American Goulash – Just Like the Non-Hungarian Lunch Lady Used to Make





One of my all-time favorite comfort food meals growing up
was the beef goulash served in my school cafeteria. It was served with a slice
of buttered white bread, and an ice-cold carton of milk. Little did I know that
it wasn’t really goulash, but an Americanized version, invented, I’m guessing,
to stretch a small amount of beef into enough food for a not so small family.


Real goulash is like a beef stew, and I’m pretty proud of
this version we posted a while back, but while it’s a wonderful recipe in its
own right, it just doesn’t hold the same place in my heart as this version. So,
you can imagine my disappointment the first time I ordered beef goulash, and
actually got beef goulash. Anyway, live and learn.





Not much can go wrong here, as long as you don’t under-cook,
or horribly over-cook the macaroni. So, set your timer for 10 minutes, and
start checking. We want the pasta very tender, but not falling apart. By the
way, this goes by many names, including American Chop Suey, Chili Mac, Johnny Marzetti,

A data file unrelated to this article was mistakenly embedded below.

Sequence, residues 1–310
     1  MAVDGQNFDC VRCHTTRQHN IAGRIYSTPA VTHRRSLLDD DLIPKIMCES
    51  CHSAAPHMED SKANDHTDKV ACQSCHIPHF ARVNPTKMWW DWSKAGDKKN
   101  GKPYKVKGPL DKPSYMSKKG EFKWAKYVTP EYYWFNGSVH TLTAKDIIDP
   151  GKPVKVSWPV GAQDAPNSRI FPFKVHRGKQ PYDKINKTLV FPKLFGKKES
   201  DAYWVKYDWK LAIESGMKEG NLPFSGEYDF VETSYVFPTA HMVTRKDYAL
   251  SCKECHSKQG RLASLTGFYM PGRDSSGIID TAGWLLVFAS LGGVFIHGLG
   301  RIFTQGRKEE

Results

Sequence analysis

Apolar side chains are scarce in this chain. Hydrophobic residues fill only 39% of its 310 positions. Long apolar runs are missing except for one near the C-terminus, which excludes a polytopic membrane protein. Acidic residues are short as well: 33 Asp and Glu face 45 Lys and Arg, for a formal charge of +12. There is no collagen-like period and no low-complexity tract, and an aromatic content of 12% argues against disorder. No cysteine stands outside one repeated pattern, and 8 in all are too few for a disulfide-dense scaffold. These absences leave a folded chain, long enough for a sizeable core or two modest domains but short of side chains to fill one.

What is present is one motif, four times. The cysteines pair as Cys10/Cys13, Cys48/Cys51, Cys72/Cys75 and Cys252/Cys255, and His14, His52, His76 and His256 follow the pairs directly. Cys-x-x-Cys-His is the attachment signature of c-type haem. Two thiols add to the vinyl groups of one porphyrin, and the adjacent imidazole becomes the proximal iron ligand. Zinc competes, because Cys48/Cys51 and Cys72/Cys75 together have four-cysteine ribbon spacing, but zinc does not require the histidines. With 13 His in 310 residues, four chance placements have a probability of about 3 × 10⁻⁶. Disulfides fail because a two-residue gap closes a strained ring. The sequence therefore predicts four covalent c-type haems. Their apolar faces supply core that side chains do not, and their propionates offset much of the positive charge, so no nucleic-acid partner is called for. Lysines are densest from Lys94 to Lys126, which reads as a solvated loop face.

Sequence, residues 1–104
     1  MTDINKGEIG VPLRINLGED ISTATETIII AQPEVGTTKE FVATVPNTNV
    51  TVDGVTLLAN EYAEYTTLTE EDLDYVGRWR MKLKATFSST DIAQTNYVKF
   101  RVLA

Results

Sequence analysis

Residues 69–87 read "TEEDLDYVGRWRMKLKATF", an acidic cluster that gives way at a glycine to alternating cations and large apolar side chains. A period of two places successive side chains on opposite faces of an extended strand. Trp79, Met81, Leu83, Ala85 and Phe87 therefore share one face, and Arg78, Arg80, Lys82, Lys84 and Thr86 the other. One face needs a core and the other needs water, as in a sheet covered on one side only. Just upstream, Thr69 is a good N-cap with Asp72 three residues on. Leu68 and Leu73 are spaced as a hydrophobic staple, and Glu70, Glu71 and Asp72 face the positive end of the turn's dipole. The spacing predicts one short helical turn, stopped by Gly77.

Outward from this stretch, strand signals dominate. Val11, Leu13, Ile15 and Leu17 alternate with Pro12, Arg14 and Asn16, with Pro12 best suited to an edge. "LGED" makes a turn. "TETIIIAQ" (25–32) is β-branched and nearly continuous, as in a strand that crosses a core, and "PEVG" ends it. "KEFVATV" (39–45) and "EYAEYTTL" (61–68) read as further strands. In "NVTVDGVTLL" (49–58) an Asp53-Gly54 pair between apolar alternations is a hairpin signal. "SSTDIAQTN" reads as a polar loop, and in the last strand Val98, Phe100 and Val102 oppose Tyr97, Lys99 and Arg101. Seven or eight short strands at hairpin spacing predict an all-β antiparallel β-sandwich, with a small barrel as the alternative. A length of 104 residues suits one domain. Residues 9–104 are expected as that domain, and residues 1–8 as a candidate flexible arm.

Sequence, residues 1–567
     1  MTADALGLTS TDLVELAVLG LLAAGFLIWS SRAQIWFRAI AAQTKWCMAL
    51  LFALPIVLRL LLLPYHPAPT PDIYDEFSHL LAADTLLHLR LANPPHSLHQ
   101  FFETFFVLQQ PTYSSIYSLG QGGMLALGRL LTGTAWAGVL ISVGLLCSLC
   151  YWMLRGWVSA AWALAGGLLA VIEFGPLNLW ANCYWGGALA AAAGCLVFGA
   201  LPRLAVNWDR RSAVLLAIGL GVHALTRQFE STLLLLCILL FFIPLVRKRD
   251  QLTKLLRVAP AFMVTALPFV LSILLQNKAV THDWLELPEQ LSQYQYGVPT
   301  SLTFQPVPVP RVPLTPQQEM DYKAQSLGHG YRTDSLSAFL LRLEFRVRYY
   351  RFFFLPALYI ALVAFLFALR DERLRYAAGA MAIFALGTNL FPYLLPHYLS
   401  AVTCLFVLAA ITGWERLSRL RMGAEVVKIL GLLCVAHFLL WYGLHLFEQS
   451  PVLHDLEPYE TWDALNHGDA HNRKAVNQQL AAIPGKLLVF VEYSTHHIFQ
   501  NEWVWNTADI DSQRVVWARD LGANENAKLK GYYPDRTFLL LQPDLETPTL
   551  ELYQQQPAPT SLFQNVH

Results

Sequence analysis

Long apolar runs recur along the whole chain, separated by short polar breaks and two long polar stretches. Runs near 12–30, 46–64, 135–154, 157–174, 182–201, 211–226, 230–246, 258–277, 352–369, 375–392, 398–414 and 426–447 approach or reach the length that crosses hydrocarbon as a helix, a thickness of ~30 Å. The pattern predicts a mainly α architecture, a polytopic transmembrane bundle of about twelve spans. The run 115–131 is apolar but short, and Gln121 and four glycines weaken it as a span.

and my personal favorite,
Slumgullion. No matter what you call this, I
really do hope you give it a try soon. Enjoy!






Ingredients for 6 portions:



1 tablespoon olive oil



1 large onion, diced



2 pounds ground beef



4 cloves garlic minced



2 generous teaspoons kosher salt, plus more to taste



1/2 teaspoon black pepper



cayenne to taste



2 tablespoons paprika



2 teaspoons dried Italian herbs (blend of oregano, thyme,
rosemary, sage, parley, basil)



1 or 2 bay leaves



1 quart chicken broth



1 (15-ounce) can diced tomatoes



1 (24-ounce) jar prepared marinara sauce, rinsed with 1 cup
water



2 tablespoons soy sauce



2 rounded cups elbow macaroni



1 packed cup shredded white cheddar cheese



Freshly chopped Italian parsley




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